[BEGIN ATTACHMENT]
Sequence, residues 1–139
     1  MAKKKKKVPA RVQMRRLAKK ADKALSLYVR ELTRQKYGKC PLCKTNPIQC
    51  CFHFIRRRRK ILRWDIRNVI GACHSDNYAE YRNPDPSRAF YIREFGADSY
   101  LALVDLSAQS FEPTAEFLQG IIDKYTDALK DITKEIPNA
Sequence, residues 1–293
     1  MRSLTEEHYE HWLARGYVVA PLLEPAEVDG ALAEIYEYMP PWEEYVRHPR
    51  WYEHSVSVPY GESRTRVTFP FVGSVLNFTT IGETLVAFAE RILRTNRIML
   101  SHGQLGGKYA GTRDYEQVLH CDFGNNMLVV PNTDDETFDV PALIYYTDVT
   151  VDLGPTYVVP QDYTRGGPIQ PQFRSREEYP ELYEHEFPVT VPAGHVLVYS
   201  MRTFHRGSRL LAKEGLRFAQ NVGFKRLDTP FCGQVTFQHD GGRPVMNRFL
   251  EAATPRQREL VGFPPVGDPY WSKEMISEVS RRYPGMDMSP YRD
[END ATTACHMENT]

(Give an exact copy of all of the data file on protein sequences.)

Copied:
Sequence, residues 1–139
     1  MAKKKKKVPA RVQMRRLAKK ADKALSLYVR ELTRQKYGKC PLCKTNPIQC
    51  CFHFIRRRRK ILRWDIRNVI GACHSDNYAE YRNPDPSRAF YIREFGADSY
   101  LALVDLSAQS FEPTAEFLQG IIDKYTDALK DITKEIPNA
Sequence, residues 1–293
     1  MRSLTEEHYE HWLARGYVVA PLLEPAEVDG ALAEIYEYMP PWEEYVRHPR
    51  WYEHSVSVPY GESRTRVTFP FVGSVLNFTT IGETLVAFAE RILRTNRIML
   101  SHGQLGGKYA GTRDYEQVLH CDFGNNMLVV PNTDDETFDV PALIYYTDVT
   151  VDLGPTYVVP QDYTRGGPIQ PQFRSREEYP ELYEHEFPVT VPAGHVLVYS
   201  MRTFHRGSRL LAKEGLRFAQ NVGFKRLDTP FCGQVTFQHD GGRPVMNRFL
   251  EAATPRQREL VGFPPVGDPY WSKEMISEVS RRYPGMDMSP YRD